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Exhibition presents a conversation about the relationship between mother and child between three artists
Olga Shilova. Renaissance Child. 2019. Plaster, steel. Courtesy of the artist.



RIGA.- From 1 August to 20 September 2020, the Cupola Hall of the main building of the Latvian National Museum of Art in Riga hosts Lactation, an exhibition of sculptures by Olga Shilova, Ance Vilnīte and Nils Jumītis.

Lactation is the process by which mammary glands produce and distribute mother’s milk. Lactation starts after birth, but the preparation of the mammary glands for lactation is a lengthy process that is already occurring during pregnancy.

The exhibition has been devised as a conversation about the relationship between mother and child between three artists with very different perspectives in life, through the contrasting feelings of the sculptors, revealing the strength of the woman in the role of mother and artist and the beauty of challenges of childbirth.

In Olga Shilova’s works, the maternal instinct resonates with the sculptor’s desire for new creation. The artist’s relations with her works are compared to children – ideas that require gestation, nurturing and protection. If this instinct is what helps a woman to overcome unimaginable difficulties, – is something similar applicable to the creative process?

“Thoughts and feelings that, evolving into the form of a work of art, are compared to mother’s milk. The sweat which infuses the surface of the sculpture is akin to a mother’s caresses. The energy with which the sculptor charges the materials, and the magnetism, which arises from gazing at a creation for a long time, is spiritual and physical food, which an artist puts into his sculptures,” explains Olga Shilova.




Olga Shilova’s works for this exhibition were deliberately made in a milk white plaster, polyurethane and foam – materials, which sculptors usually use during the initial stage of formation. These are intermediary materials, which make it possible to record an idea in tangible form, but which retain a fragile brevity.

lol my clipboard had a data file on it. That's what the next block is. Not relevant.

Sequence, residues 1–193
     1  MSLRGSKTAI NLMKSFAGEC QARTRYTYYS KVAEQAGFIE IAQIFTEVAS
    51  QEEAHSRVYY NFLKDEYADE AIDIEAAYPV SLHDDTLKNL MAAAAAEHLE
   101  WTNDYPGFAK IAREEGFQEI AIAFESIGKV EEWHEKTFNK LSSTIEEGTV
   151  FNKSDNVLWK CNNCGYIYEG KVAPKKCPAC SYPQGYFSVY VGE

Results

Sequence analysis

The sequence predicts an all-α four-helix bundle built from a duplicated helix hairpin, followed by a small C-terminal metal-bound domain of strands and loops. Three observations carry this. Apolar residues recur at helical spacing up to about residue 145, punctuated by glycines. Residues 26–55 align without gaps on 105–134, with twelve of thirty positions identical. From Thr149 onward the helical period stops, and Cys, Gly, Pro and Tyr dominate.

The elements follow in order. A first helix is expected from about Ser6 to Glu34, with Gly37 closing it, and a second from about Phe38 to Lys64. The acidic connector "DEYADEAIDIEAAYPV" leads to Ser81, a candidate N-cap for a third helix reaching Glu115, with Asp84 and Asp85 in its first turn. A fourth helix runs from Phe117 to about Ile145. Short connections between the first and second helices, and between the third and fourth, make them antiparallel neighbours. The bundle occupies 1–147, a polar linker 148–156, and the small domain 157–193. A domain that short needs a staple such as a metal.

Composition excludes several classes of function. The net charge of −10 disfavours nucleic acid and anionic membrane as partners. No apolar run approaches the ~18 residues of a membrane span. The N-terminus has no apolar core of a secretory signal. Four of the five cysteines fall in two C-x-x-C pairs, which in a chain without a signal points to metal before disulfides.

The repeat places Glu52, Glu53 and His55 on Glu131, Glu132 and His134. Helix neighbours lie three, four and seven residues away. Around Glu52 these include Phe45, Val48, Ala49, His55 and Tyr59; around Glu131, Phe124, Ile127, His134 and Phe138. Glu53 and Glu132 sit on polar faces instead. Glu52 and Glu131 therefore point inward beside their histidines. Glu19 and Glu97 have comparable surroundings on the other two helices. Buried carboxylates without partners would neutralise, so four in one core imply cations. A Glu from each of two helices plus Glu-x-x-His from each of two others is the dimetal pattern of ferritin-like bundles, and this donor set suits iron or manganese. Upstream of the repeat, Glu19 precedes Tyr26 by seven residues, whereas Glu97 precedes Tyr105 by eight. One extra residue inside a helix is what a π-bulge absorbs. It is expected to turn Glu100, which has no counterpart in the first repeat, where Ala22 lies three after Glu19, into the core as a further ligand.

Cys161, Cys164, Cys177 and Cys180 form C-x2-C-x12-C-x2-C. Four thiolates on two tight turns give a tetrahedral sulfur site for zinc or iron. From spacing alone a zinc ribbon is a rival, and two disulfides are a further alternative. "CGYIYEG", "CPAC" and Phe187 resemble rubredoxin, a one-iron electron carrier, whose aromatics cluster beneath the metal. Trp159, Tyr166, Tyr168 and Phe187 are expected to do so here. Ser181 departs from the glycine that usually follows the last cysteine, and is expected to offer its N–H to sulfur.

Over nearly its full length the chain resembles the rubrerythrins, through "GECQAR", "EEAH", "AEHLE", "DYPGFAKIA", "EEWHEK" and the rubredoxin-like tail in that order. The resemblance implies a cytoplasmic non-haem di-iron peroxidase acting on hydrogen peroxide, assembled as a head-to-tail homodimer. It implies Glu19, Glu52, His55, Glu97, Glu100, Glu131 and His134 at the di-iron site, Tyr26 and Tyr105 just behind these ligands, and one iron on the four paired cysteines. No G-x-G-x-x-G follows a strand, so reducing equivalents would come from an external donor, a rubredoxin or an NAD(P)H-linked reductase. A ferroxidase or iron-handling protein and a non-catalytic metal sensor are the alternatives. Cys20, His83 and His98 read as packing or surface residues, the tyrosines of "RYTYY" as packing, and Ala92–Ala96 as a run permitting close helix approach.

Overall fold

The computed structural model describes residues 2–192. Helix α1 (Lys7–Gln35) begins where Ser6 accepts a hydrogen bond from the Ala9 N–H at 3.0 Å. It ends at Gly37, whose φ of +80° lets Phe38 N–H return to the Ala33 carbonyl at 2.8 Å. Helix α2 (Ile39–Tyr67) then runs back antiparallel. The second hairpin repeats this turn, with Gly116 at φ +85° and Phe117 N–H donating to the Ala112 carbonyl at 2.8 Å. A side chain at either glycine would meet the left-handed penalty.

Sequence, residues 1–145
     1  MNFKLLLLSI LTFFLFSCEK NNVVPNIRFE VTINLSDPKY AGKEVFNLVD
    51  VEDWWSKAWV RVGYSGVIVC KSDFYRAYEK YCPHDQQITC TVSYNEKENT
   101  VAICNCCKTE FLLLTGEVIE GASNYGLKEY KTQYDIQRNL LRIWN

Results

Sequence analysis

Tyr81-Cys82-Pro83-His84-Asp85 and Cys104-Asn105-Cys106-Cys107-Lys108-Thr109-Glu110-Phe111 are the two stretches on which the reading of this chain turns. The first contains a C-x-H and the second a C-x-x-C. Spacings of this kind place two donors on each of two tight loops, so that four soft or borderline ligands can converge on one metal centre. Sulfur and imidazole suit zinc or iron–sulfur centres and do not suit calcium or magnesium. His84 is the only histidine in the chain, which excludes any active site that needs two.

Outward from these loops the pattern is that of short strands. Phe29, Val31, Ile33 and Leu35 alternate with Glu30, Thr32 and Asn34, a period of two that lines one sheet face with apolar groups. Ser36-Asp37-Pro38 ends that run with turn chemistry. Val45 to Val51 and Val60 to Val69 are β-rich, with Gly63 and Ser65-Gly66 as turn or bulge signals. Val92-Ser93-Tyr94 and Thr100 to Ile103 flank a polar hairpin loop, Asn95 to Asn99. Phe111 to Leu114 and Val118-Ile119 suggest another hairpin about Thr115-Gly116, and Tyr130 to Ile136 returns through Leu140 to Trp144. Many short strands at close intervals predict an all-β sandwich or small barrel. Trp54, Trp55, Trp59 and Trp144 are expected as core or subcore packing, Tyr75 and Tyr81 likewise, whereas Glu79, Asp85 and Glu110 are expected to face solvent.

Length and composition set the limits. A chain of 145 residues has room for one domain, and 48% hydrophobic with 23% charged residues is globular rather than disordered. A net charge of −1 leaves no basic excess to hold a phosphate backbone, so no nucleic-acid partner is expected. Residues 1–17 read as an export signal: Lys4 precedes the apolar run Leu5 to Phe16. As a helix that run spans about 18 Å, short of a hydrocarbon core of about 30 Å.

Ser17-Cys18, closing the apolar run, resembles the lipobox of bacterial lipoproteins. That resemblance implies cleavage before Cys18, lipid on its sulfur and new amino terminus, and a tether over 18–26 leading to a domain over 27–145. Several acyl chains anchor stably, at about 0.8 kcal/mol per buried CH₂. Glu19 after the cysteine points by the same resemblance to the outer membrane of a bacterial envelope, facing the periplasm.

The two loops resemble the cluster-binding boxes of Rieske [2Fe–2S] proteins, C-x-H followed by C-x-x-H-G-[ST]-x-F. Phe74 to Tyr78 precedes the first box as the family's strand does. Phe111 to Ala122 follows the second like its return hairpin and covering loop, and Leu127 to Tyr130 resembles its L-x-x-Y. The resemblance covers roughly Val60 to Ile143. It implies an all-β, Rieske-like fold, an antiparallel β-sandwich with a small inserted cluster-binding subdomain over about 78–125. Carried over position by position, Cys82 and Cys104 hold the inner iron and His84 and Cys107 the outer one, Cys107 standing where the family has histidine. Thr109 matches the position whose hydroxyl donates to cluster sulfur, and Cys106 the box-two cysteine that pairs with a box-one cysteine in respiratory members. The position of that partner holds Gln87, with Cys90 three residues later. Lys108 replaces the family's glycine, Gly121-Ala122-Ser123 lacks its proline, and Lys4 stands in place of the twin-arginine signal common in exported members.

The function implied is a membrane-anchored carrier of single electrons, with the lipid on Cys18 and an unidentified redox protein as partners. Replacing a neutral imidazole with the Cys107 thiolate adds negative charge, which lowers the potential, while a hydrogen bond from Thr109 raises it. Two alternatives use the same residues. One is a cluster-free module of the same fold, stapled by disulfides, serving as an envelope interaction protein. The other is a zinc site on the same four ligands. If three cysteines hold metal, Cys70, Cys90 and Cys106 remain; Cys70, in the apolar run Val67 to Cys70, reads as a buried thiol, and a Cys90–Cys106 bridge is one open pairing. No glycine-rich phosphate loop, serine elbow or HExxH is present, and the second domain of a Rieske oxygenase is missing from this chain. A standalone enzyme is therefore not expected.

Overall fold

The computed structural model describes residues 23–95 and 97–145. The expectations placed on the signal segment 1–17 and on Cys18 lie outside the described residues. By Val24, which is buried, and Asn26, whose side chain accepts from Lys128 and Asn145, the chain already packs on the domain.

In contrast to Olga Shilova, emerging artist Ance Vilnīte is at the very start of professional trajectory and her sculptural installations reflect a young woman’s insecurity and anxiety, which arise from the possible life scenarios she has observed in becoming a mother. These include not only the fear of losing personal freedom and dreams, but also real worries about whether she will be able to give her child all this. “The reasons why a woman may decide not to become a mother are not always linked to not wishing to do so,” says the author, drawing attention to various social, emotional and practical challenges related to raising a child.

In his works, young artist Nils Jumītis examines the narrative of this relationship from a completely different angle, creating a fragmentary space of childhood memories. Similar to black and white photographic negatives, dolls cast in lead form dark, mysterious figures, who elicit viewers’ own emotions and musings – loose, deformed and threatening like the admonishing voice of one’s self-consciousness. Ambiguous memories, lost and imperceptible time – what do they reveal about one’s current self?

“Works of art also evolve through a process, which requires feeding in a direct and metaphorical sense in which a creative idea or form change and develop. Pink metal streams pour into the cast, “feeding” form and acquiring a new shape. The form is transformed into another material, being born with a new existential appearance. The result is the attempted creation of a semiotic entity, seeking to touch upon experienced memories, which have changed a great deal in the perception of people today,” explains Nils Jumītis.

Olga Shilova is a notable late 20th century – early 21st century Latvian sculptor and Associate Professor at the Art Academy of Latvia. Designer of several well-known awards and urban sculptures (Riga Tower Counter, Ziedonis’ Award, etc.). Her most significant solo exhibition in recent years has been Milda in a Three-Quarter Turn (gallery Māksla XO).

Ance Vilnīte is a student in the Art Academy of Latvia’s bachelor’s programme, who has attracted widespread attention through her memorable works and set of performances during the Academia exhibition in the ARSENĀLS Exhibition Hall of the Latvian National Museum of Art. She has participated in several group exhibitions including the MVT Summer House exhibition The Crushed, as well as in the Riga Photomonth 2020 programme.

Nils Jumītis is a graduate of the Art Academy of Latvia’s Metal Design sub-branch bachelor’s programme, who has participated in various international symposiums and group exhibitions. One of the Nordic & Baltic Young Artist Award’19 (NBYAA) Grand Prix nominees.










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